Partager l'article ! Elle est blanche, il est noir, il refuse de les marier / Interracial Couple Denied Marriage License in La.: Elle est blan ...
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Louisiane, Etats-Unis. Donc, nous voilà en présence d'un magnifique couple mixte. Elle, 30 ans, et lui 32 ans ; elle, blanche, lui noir. Ils veulent se marier. Elle veut préparer un diplôme sur les politiques des minorités à l'université. Ils veulent des enfants...
La procédure est simplissime : un certificat de naissance, une carte d'assuré social, trois jours d'attente, un petit passage devant l'officier qui leur demande s'ils ont déjà été mariés, et basta! le tour est joué ! Sauf que...
L'officier de la Justice de paix (sorte de justice de proximité) a refusé de les marier. Parce qu'elle est blanche et parce qu'il est noir. Et l'officier se défend de tout racisme, of course.Quelle est sa raison ? C'est simple : les enfants d'un mariage interracial ne sont accepté ni par leur famille vanillée, ni par leur famille chocolatée. Dans le soucis de protéger ces futurs enfant et leur épargner une vie difficile, il refuse donc de marier les prétendants 'mixtes'. Tout simplement
Keith Bardwell, justice of the peace in Tangipahoa Parish, says it is his experience that most interracial marriages do not last long.
''I'm not a racist. I just don't believe in mixing the races that way,'' Bardwell told the Associated Press on Thursday. ''I have piles and piles of black friends. They come to my home, I marry them, they use my bathroom. I treat them just like everyone else.''
Bardwell said he asks everyone who calls about marriage if they are a mixed race couple. If they are, he does not marry them, he said.
Bardwell said he has discussed the topic with blacks and whites, along with witnessing some interracial marriages. He came to the conclusion that most of black society does not readily accept offspring of such relationships, and neither does white society, he said.
''There is a problem with both groups accepting a child from such a marriage,'' Bardwell said. ''I think those children suffer and I won't help put them through it.''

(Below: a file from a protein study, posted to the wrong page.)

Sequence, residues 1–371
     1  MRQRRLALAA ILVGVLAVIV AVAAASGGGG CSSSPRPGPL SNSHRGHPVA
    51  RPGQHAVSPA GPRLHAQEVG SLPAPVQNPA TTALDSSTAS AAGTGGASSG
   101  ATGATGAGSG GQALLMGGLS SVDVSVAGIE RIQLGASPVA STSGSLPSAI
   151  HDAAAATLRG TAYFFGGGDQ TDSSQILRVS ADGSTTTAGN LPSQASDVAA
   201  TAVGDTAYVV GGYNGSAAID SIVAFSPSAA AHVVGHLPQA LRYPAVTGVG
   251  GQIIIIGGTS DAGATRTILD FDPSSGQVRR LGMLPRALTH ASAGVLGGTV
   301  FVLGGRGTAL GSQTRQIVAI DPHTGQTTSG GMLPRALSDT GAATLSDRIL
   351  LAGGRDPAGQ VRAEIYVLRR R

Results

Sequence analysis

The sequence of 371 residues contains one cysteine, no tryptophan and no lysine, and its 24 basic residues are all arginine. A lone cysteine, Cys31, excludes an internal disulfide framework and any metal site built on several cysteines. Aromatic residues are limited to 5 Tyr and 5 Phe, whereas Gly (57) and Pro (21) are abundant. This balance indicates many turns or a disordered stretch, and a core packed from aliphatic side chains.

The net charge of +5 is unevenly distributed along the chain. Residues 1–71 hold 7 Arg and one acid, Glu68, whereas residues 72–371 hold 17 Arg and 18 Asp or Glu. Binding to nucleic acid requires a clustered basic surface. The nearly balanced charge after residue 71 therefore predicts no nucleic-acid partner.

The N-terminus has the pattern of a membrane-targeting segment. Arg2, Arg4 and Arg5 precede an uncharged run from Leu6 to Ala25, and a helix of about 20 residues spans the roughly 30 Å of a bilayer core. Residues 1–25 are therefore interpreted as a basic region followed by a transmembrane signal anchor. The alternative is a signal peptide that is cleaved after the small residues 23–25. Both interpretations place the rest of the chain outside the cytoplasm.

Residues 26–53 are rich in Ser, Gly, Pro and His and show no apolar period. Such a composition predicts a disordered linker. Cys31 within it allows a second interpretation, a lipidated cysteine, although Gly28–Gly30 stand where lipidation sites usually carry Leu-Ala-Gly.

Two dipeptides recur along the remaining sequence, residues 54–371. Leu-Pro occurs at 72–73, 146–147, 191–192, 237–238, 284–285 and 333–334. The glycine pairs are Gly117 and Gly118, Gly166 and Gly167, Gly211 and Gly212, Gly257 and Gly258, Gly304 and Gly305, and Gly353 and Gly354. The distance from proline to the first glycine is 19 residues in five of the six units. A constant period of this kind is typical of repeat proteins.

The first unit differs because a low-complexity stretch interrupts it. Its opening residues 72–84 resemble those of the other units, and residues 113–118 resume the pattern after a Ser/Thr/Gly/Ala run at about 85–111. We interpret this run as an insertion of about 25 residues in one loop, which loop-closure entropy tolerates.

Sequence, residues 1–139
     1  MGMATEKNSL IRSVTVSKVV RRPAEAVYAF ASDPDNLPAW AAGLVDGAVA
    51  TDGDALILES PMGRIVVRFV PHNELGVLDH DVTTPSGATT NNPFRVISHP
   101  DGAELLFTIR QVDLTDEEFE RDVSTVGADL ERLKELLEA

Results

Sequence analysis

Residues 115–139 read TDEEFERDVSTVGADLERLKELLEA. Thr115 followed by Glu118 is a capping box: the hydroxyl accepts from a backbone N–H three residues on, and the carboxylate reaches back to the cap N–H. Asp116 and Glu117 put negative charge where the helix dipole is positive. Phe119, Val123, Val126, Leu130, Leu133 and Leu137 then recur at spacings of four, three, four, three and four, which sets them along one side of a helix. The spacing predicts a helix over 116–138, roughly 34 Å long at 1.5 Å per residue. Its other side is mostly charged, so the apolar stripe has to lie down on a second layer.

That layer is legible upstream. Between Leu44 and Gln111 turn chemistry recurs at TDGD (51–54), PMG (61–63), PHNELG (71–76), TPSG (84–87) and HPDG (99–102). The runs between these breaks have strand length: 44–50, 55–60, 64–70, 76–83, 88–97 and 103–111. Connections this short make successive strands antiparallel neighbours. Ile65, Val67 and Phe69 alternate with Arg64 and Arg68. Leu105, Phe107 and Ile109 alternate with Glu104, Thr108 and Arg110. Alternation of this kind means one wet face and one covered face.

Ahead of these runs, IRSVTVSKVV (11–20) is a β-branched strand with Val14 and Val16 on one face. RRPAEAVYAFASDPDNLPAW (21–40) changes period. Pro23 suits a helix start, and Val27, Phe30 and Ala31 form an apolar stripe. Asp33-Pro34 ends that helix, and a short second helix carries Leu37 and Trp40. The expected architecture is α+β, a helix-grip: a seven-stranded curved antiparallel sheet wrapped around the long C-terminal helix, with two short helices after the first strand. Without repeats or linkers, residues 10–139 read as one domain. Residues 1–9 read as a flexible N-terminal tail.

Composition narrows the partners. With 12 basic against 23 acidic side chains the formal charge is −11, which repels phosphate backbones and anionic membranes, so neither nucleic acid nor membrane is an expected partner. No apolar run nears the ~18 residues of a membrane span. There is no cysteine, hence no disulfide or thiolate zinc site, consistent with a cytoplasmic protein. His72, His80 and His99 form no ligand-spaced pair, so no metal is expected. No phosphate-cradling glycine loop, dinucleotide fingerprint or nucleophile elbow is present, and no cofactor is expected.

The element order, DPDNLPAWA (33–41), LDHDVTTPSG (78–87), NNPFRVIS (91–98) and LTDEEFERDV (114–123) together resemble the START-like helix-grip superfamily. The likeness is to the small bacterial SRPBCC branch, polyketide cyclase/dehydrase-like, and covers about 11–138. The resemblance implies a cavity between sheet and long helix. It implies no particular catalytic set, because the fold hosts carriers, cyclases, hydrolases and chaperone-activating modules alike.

If he did an interracial marriage for one couple, he must do the same for all, he said.
''I try to treat everyone equally,'' he said.
Bardwell estimates that he has refused to marry about four couples during his career, all in the past 2 1/2 years.
Beth Humphrey, 30, and 32-year-old Terence McKay, both of Hammond, say they will consult the U.S. Justice Department about filing a discrimination complaint.
Humphrey, an account manager for a marketing firm, said she and McKay, a welder, just returned to Louisiana. She is white and he is black. She plans to enroll in the University of New Orleans to pursue a masters degree in minority politics.
''That was one thing that made this so unbelievable,'' she said. ''It's not something you expect in this day and age.''
Humphrey said she called Bardwell on Oct. 6 to inquire about getting a marriage license signed. She says Bardwell's wife told her that Bardwell will not sign marriage licenses for interracial couples. Bardwell suggested the couple go to another justice of the peace in the parish who agreed to marry them.
''We are looking forward to having children,'' Humphrey said. ''And all our friends and co-workers have been very supportive. Except for this, we're typical happy newlyweds.''
''It is really astonishing and disappointing to see this come up in 2009,'' said American Civil Liberties Union of Louisiana attorney Katie Schwartzmann. She said the Supreme Court ruled in 1967 ''that the government cannot tell people who they can and cannot marry.''
The ACLU sent a letter to the Louisiana Judiciary Committee, which oversees the state justices of the peace, asking them to investigate Bardwell and recommending ''the most severe sanctions available, because such blatant bigotry poses a substantial threat of serious harm to the administration of justice.''
''He knew he was breaking the law, but continued to do it,'' Schwartzmann said.
According to the clerk of court's office, application for a marriage license must be made three days before the ceremony because there is a 72-hour waiting period. The applicants are asked if they have previously been married. If so, they must show how the marriage ended, such as divorce.
Other than that, all they need is a birth certificate and Social Security card.
The license fee is $35, and the license must be signed by a Louisiana minister, justice of the peace or judge. The original is returned to the clerk's office.
''I've been a justice of the peace for 34 years and I don't think I've mistreated anybody,'' Bardwell said. ''I've made some mistakes, but you have too. I didn't tell this couple they couldn't get married. I just told them I wouldn't do it.''